So, you can work on the ambulances, but not be an EMT?
Again; asking out of ignorance.

Paramedics technically aren't EMTs, but less pedantically many paramedics (and some EMTs) work in the ER or as techs elsewhere away from EMS. One is going to have to be some sort of EMT/Paramedic in most EMS systems. The exceptions are RNs and physicians working on specialized units.
 
  • Like
Reactions: 1 users
Nov 24, 2002
22,436
8,207
326
SCREW IT!
So, you can work on the ambulances, but not be an EMT?
Again; asking out of ignorance.
You can, but that's a rather inefficient way to do it. If one is not certified, they can only drive the unit, or clean it, but not do any of the job specific parts of it (the back of the ambulance, where the action is). Most they could do is put on direct pressure, or do CPR (under direction of the EMT, as a prudent layperson).

Likewise, in fire departments that are fat with cash, there can be a firefighter driving, with two EMTs, Paramedics, or combination, doing all the patient care.

In NY, for example, there are, actually, 5 levels of EMS cert in NY (but one is sunsetting). When I started, in 1992, there was EMT, EMT-Intermediate, EMT-Critical Care, and EMT-Paramedic. Then, they transitioned the EMTs to EMT-Ds, and, later, added the "CFR" - "Certified First Responder". Now, the "Critical Care" is being sunset out (it's like a stripped down paramedic, and only existed in NY).

The advantage of an all paramedic system is that the EMT-P can take any call, including the BLS calls, whereas, the EMT can only take BLS calls. "All New Yorkers are American, but not all Americans are New Yorkers."

So, yes, you can work on the bus without being certified (CFR or EMT), but that is quite economically inefficient.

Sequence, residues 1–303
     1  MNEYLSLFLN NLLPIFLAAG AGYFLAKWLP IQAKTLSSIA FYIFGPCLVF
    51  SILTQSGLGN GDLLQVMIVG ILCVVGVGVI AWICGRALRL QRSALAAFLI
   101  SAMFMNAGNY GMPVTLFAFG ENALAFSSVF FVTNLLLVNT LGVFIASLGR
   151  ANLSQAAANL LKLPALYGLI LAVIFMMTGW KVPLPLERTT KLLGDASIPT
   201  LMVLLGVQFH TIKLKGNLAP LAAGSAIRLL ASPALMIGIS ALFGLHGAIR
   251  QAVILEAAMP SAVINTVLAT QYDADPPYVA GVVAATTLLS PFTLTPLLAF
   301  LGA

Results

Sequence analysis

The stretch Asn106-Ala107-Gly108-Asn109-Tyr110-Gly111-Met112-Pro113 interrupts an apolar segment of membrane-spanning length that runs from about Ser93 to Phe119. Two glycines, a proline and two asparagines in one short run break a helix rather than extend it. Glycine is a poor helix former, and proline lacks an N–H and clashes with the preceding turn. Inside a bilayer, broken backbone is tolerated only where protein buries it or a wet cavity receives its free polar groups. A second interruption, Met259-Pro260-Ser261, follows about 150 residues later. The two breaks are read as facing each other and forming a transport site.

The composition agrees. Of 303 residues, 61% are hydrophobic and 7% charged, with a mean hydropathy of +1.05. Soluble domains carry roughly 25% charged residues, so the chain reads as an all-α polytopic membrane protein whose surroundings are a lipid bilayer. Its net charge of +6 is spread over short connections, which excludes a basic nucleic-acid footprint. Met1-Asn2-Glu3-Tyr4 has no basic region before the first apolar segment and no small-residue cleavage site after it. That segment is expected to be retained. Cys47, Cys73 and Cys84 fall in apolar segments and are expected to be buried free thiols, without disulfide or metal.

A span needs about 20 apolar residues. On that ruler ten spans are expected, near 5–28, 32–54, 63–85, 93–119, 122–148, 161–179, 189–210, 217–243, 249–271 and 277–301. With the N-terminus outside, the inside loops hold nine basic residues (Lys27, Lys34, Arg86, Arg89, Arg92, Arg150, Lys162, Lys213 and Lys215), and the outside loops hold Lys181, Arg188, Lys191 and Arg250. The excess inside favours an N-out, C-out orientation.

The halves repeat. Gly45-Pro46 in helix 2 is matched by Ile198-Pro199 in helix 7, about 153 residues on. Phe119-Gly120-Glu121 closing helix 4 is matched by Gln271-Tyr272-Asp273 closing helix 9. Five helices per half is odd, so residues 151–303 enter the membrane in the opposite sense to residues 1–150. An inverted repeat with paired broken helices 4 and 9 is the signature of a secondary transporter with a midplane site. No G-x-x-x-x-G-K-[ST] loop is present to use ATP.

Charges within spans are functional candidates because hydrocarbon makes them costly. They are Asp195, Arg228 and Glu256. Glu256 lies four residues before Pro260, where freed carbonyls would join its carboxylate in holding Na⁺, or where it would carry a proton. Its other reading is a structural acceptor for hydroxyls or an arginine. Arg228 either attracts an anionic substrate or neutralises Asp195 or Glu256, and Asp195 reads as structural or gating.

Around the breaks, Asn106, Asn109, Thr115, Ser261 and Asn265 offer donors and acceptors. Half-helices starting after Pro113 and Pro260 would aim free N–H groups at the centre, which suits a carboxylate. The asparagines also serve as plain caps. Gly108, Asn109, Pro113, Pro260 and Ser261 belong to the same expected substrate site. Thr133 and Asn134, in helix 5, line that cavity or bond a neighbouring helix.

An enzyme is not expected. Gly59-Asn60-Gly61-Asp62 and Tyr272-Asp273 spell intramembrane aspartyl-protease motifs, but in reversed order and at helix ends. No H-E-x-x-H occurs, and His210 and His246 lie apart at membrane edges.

• Like
Reactions: 1 user
Nov 24, 2002
22,436
8,207
326
SCREW IT!
Paramedics technically aren't EMTs, but less pedantically many paramedics (and some EMTs) work in the ER or as techs elsewhere away from EMS. One is going to have to be some sort of EMT/Paramedic in most EMS systems. The exceptions are RNs and physicians working on specialized units.
Where are paramedics not EMTs? Again, from my state, my cert and recert exams have a BLS and an ALS score. And, where can you get paramedic without being a prior EMT? Please clarify!
 
  • Like
Reactions: 1 user
Nov 24, 2002
22,436
8,207
326
SCREW IT!
Flip a coin - let fate decide. It does not matter either way.
Well, it's a little unbalanced - if the OP chooses EM, they'll be in the ED forever, just like the extra shift. The chance to ride the bus might be a once or twice in a career thing. And, hey the OP might be motivated into doing an EMS fellowship!
 
  • Like
Reactions: 1 users

MediMike

Full Member
Apr 6, 2019
120
190
41
  1. Non-Student
Where are paramedics not EMTs? Again, from my state, my cert and recert exams have a BLS and an ALS score. And, where can you get paramedic without being a prior EMT? Please clarify!

I'm guessing they were referencing the fact that the National Registry phases out the EMT-P title in exchange for NRP (Nat Reg Paramedic) back in 2013.

And unfortunately more programs are going away from requiring field experience as an EMT prior to paramedic schooling, although you are correct in that the EMT cert must be obtained first.
 
  • Like
Reactions: 2 users
About the Ads

MediMike

Full Member
Apr 6, 2019
120
190
41
  1. Non-Student
It's funny how few people equate the neonatal resuscitation program with "NRP", if I refer to it as an acronym they are always confused, once it's explained they go "Oh! Nurp! I've taken the nurp class"
 
  • Haha
  • Like
Reactions: 1 users

24GaugeEJ

Small, but mighty; probably positional.
Dec 24, 2015
261
263
116
  1. Medical Student